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Housing policy makes headway as campaign issue

Housing policy is beginning to gain some traction in the presidential campaign.  

In speeches in August, presidential candidates Hillary Clinton and Donald Trump offered up sharply different views on regulations that affect the mortgage and housing markets.

TrumpSpeaking at the midyear meeting of National Association of Home Builders on Aug. 11, Trump said excessive regulations are costing the economy as much as $2 trillion annually. The real estate magnate called for a temporary moratorium on new agency regulations and would have federal agencies prepare a list of all regulations and then rank them from most critical to the health and safety to least critical, with the least critical receiving priority consideration for repeal.  

“No one other than the energy industry is regulated more than the homebuilding industry,” Trump said during the Miami speech.“Twenty-five percent of the cost of a home [is due to regulation]. I think we should get that down to about 2 percent.”

Earlier in the speech, Trump also said that financial regulations are making it "impossible to get a mortgage." 

"Unless you have a lot of money in the bank, or you don't need money, you can't borrow," Trump said. 

Clinton calls for tougher regulations

During her economic speech in Detroit, Clinton defended regulations on banks and Wall Street.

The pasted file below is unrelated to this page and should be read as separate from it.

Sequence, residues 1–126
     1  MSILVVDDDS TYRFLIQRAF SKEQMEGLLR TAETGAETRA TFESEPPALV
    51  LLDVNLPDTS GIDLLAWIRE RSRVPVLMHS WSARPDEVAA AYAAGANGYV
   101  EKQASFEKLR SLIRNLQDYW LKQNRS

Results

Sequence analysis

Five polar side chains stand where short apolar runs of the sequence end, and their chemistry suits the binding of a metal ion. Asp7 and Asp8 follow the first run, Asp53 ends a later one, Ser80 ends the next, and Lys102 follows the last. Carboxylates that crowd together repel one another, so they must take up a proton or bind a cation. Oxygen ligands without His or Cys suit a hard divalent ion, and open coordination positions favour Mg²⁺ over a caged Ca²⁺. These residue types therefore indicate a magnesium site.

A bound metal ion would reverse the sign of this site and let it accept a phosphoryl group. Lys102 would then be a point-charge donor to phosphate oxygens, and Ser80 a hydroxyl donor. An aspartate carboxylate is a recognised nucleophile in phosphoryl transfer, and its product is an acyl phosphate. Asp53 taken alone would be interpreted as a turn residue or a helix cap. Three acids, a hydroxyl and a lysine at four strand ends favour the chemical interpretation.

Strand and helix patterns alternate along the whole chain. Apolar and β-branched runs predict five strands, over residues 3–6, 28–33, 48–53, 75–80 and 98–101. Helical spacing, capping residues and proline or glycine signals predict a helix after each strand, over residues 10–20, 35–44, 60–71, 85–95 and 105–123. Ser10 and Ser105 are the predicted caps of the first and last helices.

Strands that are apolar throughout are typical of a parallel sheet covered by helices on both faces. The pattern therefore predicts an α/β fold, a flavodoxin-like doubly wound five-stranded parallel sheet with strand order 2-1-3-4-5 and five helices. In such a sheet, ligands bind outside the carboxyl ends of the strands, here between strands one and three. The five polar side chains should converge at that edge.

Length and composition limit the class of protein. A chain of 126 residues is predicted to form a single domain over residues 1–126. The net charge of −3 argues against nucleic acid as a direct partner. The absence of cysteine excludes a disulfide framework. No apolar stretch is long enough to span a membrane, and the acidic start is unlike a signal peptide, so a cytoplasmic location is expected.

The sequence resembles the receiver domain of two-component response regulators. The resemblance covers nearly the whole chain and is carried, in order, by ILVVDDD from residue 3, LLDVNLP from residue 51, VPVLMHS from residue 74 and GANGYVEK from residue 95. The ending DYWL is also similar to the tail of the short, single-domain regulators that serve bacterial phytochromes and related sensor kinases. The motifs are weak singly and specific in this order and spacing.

Clinton pic“Trump would roll back the rules we have imposed on the financial industry,” she said. “I will do the opposite. I think we should strengthen those rules, so Wall Street can never wreck Main Street again.” 

Clinton also said Trump would abolish the Consumer Financial Protection Bureau (CFPB), which she said had returned $11 billion to 25 million wronged American consumers.

“Why would you get rid of that?” she asked.

Trump has not called for the CFPB to be eliminated. House Republicans are proposing to rename the agency and substantially reform it under the leadership of a bipartisan commission, however.

Trump has previously called for the repeal of Dodd-Frank, the sweeping 2010 law that created the CFPB. Trump’s running mate, Indiana Gov. Mike Pence, also was a strong critic of Dodd-Frank while a member of the U.S. House of Representatives. Pence also opposed the 2008 bailout of the banks in the final year of the Bush administration. 

During an Aug. 10 speech at NAHB’s meeting in Miami, Clinton’s top economic adviser, Gene Sperling, said Clinton recognizes that housing is a major jobs creator and that access to credit is still overly tight.

"Our challenge now is to never swing back to where we were, but to get to an equilibrium where people who are creditworthy can get the housing they need," Sperling said. "This will lead to increased housing starts, construction and affordable housing, which we need in this country."

Clinton supports expanding the low-income housing-tax credit, a federal program that provides an incentive for developers to build affordable-rental units. Sperling also said Clinton supports relaxing land-use regulations and increasing grant programs that support affordable-rental housing.

She also would push for reforms that would put community banks on a level field with big banks, Sperling said. Clinton wants to preserve the mortgage interest-rate deduction, but only for borrowers who fall below the 28 percent tax bracket.

During the Republican primaries, Trump spoke out against changing the mortgage-interest deduction when Republican candidate Ben Carson floated the idea of getting rid of it.


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